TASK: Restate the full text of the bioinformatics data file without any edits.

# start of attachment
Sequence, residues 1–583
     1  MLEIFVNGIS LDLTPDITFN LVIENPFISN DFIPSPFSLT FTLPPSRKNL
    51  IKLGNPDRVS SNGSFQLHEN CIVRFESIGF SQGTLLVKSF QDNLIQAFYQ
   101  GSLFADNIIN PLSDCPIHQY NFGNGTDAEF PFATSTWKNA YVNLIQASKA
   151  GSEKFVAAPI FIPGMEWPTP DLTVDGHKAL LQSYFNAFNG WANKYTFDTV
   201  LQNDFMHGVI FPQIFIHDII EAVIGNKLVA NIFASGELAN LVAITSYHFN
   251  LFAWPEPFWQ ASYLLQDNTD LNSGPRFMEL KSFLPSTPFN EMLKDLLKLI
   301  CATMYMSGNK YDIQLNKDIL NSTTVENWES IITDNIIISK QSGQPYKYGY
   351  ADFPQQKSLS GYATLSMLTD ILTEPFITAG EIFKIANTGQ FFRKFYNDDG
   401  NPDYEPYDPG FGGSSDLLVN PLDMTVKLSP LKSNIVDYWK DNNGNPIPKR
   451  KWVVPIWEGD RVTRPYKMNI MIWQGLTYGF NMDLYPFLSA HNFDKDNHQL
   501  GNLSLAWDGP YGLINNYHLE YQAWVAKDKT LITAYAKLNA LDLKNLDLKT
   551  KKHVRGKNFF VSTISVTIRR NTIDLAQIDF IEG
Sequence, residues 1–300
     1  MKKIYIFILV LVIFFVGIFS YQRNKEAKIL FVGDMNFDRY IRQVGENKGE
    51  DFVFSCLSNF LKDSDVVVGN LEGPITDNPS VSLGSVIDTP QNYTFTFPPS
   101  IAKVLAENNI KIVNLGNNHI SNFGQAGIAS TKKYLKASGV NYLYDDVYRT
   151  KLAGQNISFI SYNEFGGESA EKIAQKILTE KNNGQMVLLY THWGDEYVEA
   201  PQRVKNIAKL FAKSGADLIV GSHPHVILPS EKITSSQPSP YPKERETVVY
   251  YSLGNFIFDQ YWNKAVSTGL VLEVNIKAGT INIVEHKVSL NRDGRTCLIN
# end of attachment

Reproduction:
Sequence, residues 1–583
     1  MLEIFVNGIS LDLTPDITFN LVIENPFISN DFIPSPFSLT FTLPPSRKNL
    51  IKLGNPDRVS SNGSFQLHEN CIVRFESIGF SQGTLLVKSF QDNLIQAFYQ
   101  GSLFADNIIN PLSDCPIHQY NFGNGTDAEF PFATSTWKNA YVNLIQASKA
   151  GSEKFVAAPI FIPGMEWPTP DLTVDGHKAL LQSYFNAFNG WANKYTFDTV
   201  LQNDFMHGVI FPQIFIHDII EAVIGNKLVA NIFASGELAN LVAITSYHFN
   251  LFAWPEPFWQ ASYLLQDNTD LNSGPRFMEL KSFLPSTPFN EMLKDLLKLI
   301  CATMYMSGNK YDIQLNKDIL NSTTVENWES IITDNIIISK QSGQPYKYGY
   351  ADFPQQKSLS GYATLSMLTD ILTEPFITAG EIFKIANTGQ FFRKFYNDDG
   401  NPDYEPYDPG FGGSSDLLVN PLDMTVKLSP LKSNIVDYWK DNNGNPIPKR
   451  KWVVPIWEGD RVTRPYKMNI MIWQGLTYGF NMDLYPFLSA HNFDKDNHQL
   501  GNLSLAWDGP YGLINNYHLE YQAWVAKDKT LITAYAKLNA LDLKNLDLKT
   551  KKHVRGKNFF VSTISVTIRR NTIDLAQIDF IEG
Sequence, residues 1–300
     1  MKKIYIFILV LVIFFVGIFS YQRNKEAKIL FVGDMNFDRY IRQVGENKGE
    51  DFVFSCLSNF LKDSDVVVGN LEGPITDNPS VSLGSVIDTP QNYTFTFPPS
   101  IAKVLAENNI KIVNLGNNHI SNFGQAGIAS TKKYLKASGV NYLYDDVYRT
   151  KLAGQNISFI SYNEFGGESA EKIAQKILTE KNNGQMVLLY THWGDEYVEA
   201  PQRVKNIAKL FAKSGADLIV GSHPHVILPS EKITSSQPSP YPKERETVVY
   251  YSLGNFIFDQ YWNKAVSTGL VLEVNIKAGT INIVEHKVSL NRDGRTCLIN